While the vegetables are roasting in the oven, bring a large stock pot of salted water to a rolling boil. About 10 minutes before your veggies finish roasting, begin to cook your pasta. When the pasta is cooked al dente, drain it, making sure to reserve a bit of the cooking water (about a cup or so). Toss in everything from your roasting pan, making sure to remove any of the thyme stalks, if you chose to include this ingredient. Add the butter and torn basil. Give everything a few good stirs. Adjust the seasonings, and if you need some more liquid in the sauce, add some of the reserved pasta cooking water. This dish is fantastic on its own, but if you crave something heartier, you could always include a few meatballs on the side.

Marcona Almonds

It’s that time of year, when I get excited to come up with numerous appetizers to lay out for guests during the holiday season. Recently my family was invited over to a friend’s house, where we were served some toasted rosemary Marcona almonds in garlic oil. They were absolutely delicious! I somehow situated myself on the corner of the table where those lovely, round delights lay, popping one after another. I didn’t eat the entire plate, but without some personal restraint, I most likely would have.

Originating from Spain, Marcona almonds are shorter, rounder, and sweeter than the almond variety you most likely are familiar with. It is possible to purchase raw Marcona almonds, with the shell removed, but the seedcoat still attached. However, it is more likely that you will find at your local grocer Marcona almonds that have been blanched, which is the process of soaking the nut in hot water to soften the dark seedcoat to facilitate its removal,  exposing the white embryo.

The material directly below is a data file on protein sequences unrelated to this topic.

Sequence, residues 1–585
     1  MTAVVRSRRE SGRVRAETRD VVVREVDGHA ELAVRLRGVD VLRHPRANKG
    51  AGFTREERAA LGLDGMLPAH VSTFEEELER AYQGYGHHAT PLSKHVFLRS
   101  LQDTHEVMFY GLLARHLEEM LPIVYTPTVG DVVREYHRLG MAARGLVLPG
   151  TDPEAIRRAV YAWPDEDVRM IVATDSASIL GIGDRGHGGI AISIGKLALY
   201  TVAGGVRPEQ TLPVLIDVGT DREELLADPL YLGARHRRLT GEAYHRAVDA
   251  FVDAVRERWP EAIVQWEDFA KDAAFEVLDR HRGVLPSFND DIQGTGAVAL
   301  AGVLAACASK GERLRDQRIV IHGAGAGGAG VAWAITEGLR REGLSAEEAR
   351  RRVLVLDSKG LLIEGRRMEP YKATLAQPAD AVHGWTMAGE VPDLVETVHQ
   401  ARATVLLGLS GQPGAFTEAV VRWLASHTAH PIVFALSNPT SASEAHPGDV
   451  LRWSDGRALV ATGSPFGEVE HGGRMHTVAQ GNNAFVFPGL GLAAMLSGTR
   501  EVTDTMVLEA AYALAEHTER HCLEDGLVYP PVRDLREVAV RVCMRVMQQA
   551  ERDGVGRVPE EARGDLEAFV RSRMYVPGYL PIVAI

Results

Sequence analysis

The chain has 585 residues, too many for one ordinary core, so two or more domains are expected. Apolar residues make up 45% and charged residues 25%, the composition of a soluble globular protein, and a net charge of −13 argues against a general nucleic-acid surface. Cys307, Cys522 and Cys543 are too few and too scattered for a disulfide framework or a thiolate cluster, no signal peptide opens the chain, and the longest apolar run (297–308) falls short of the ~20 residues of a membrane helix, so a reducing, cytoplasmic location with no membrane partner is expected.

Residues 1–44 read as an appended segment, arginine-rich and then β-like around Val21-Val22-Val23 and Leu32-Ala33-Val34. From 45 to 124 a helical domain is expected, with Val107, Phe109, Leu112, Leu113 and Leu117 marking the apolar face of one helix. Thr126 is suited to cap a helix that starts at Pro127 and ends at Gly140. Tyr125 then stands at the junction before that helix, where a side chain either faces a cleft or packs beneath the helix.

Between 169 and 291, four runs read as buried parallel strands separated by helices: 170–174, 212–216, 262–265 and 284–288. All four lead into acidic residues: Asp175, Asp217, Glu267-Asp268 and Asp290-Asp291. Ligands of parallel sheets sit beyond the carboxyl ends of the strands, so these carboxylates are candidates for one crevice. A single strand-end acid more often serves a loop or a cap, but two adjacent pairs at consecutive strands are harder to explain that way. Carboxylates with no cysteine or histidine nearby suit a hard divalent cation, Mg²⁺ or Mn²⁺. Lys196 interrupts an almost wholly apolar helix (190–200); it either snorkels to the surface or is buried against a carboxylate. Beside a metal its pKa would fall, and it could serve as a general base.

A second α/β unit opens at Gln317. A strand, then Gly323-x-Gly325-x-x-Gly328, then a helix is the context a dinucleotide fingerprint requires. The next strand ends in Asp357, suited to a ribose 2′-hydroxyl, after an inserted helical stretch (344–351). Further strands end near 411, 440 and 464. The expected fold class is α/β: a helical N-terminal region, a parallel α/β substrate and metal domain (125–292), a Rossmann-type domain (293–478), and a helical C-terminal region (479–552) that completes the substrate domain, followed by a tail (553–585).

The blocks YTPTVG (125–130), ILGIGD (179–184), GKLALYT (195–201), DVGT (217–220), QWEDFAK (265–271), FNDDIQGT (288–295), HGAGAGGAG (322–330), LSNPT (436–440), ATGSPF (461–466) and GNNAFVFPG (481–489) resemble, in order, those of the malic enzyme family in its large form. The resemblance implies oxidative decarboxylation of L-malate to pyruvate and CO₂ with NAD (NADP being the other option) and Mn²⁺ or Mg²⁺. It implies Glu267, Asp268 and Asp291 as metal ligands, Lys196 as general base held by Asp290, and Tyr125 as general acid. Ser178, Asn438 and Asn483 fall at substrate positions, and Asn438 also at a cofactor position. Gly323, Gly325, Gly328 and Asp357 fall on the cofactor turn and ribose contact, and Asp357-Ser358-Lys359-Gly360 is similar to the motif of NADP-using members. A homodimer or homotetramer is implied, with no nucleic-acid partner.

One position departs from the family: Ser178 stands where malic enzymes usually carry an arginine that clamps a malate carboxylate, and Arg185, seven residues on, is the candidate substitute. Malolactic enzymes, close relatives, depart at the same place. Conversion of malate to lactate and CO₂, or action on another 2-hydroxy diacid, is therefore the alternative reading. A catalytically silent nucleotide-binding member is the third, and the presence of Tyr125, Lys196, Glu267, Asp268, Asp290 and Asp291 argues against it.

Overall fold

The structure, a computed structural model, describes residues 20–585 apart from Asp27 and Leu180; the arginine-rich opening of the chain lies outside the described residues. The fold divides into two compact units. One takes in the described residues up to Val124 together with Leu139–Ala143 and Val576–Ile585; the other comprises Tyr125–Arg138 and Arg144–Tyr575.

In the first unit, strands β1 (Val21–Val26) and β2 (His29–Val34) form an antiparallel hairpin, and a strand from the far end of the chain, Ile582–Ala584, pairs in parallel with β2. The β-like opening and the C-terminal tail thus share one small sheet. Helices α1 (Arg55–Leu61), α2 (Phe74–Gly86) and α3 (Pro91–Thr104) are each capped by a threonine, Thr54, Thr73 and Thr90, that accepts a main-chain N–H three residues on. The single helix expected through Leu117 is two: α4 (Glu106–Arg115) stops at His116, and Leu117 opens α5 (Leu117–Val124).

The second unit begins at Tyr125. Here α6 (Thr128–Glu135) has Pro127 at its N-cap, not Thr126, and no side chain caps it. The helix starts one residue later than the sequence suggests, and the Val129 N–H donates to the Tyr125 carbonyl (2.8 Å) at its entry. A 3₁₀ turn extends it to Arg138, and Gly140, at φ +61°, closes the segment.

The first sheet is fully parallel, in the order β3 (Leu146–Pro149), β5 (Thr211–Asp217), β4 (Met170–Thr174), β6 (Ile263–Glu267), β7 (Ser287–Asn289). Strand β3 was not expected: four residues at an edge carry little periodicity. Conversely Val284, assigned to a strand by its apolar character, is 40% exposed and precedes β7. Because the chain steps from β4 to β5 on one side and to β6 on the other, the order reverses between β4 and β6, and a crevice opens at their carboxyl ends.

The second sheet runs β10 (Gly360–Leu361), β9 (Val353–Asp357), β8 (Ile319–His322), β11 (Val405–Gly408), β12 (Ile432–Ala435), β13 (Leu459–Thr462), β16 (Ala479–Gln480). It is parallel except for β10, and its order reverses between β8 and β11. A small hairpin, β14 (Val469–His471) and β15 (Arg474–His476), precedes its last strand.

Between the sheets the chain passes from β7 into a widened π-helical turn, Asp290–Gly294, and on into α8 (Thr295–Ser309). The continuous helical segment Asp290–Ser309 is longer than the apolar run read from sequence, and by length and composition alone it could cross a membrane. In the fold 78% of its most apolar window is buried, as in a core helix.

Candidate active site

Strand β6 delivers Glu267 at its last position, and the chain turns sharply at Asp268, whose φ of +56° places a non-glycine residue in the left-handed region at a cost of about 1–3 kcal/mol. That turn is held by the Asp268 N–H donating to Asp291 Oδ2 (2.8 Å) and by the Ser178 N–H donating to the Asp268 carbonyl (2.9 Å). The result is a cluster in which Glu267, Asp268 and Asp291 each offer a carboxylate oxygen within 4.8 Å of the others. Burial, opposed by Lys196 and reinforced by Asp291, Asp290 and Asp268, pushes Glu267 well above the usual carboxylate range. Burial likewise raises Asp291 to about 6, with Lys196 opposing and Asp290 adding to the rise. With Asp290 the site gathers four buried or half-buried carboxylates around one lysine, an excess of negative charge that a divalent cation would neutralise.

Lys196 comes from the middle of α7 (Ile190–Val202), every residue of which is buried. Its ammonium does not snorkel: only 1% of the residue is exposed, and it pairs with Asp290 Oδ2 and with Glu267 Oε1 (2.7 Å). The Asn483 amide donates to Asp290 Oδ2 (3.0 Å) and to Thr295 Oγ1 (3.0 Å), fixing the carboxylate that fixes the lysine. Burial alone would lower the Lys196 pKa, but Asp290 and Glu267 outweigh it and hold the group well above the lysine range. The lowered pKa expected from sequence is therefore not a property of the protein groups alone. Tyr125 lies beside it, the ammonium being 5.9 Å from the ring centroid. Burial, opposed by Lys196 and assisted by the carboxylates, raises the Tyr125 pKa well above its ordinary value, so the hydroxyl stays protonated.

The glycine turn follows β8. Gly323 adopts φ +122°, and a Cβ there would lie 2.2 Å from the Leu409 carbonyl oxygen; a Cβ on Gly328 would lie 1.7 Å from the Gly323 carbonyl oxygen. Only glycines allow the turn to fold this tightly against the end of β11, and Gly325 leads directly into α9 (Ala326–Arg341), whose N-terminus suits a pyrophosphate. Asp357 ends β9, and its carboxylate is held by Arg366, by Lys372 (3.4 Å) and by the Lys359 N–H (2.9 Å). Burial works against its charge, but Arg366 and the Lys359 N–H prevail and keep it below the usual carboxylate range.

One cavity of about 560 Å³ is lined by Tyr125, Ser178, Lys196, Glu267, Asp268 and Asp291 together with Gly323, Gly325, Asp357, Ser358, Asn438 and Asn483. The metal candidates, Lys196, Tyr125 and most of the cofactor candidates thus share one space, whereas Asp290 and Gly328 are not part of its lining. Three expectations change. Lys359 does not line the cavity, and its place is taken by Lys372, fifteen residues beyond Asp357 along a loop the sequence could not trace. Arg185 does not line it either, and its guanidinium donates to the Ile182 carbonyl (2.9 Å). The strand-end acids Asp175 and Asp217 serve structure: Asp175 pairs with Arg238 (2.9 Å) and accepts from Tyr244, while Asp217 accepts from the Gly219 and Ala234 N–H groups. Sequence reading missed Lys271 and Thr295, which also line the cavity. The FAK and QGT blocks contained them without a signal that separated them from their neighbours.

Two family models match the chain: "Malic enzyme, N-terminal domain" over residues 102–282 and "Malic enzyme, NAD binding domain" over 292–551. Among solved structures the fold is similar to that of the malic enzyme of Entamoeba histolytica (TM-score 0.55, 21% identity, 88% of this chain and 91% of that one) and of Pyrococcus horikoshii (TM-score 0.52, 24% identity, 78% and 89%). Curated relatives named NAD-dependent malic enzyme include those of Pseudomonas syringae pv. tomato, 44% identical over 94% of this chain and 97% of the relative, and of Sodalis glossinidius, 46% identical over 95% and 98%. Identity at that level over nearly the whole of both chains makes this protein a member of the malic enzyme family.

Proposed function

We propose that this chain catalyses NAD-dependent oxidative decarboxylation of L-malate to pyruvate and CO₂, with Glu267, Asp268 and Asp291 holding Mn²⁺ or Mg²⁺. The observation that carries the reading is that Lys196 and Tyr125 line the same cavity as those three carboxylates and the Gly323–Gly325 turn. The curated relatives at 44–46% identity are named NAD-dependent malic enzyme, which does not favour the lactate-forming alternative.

This dish is perfect for a cocktail party, or in a medley of appetizers, much like mezze, prior to a dinner party. I like the addition of rosemary and garlic oil, however, you could simply sauté the almonds lightly in plain olive oil with equally delicious results.

6-8 oz. Marcona almonds, blanched
1/4 c. garlic oil
1  sprig rosemary (about 4″ in length)
salt to taste

In a small sauté pan, on low heat, add the oil and rosemary sprig. Allow the rosemary to infuse into the oil for about 4-5 minutes. Remove the rosemary; set aside. Add the almonds and allow them to toast until they have a nice golden color. Remove the almonds and place them on a piece of paper towel to soak up any extra oil. Sprinkle a small amount of salt over the almonds and arrange on a plate with the rosemary sprig as a garnish.

Arugula Salad with Pomegranate Dressing